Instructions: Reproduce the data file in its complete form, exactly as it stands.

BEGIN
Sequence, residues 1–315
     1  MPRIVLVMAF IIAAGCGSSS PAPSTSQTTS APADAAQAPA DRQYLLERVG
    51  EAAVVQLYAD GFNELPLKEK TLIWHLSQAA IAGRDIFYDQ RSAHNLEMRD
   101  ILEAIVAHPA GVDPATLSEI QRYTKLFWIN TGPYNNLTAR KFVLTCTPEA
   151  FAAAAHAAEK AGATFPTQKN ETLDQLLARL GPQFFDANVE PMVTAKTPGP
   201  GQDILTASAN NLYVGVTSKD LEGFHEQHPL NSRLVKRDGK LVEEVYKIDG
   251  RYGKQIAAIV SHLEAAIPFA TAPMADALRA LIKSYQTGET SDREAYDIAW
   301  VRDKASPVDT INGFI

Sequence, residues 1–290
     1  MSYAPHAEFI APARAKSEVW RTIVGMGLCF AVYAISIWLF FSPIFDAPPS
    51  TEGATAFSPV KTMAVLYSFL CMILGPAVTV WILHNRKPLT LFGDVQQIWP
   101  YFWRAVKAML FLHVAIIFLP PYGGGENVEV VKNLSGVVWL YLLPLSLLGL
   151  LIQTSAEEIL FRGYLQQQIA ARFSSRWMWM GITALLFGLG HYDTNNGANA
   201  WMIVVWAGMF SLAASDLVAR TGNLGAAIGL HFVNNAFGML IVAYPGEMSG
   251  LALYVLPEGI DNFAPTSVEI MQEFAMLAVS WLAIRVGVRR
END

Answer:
Sequence, residues 1–315
     1  MPRIVLVMAF IIAAGCGSSS PAPSTSQTTS APADAAQAPA DRQYLLERVG
    51  EAAVVQLYAD GFNELPLKEK TLIWHLSQAA IAGRDIFYDQ RSAHNLEMRD
   101  ILEAIVAHPA GVDPATLSEI QRYTKLFWIN TGPYNNLTAR KFVLTCTPEA
   151  FAAAAHAAEK AGATFPTQKN ETLDQLLARL GPQFFDANVE PMVTAKTPGP
   201  GQDILTASAN NLYVGVTSKD LEGFHEQHPL NSRLVKRDGK LVEEVYKIDG
   251  RYGKQIAAIV SHLEAAIPFA TAPMADALRA LIKSYQTGET SDREAYDIAW
   301  VRDKASPVDT INGFI

Sequence, residues 1–290
     1  MSYAPHAEFI APARAKSEVW RTIVGMGLCF AVYAISIWLF FSPIFDAPPS
    51  TEGATAFSPV KTMAVLYSFL CMILGPAVTV WILHNRKPLT LFGDVQQIWP
   101  YFWRAVKAML FLHVAIIFLP PYGGGENVEV VKNLSGVVWL YLLPLSLLGL
   151  LIQTSAEEIL FRGYLQQQIA ARFSSRWMWM GITALLFGLG HYDTNNGANA
   201  WMIVVWAGMF SLAASDLVAR TGNLGAAIGL HFVNNAFGML IVAYPGEMSG
   251  LALYVLPEGI DNFAPTSVEI MQEFAMLAVS WLAIRVGVRR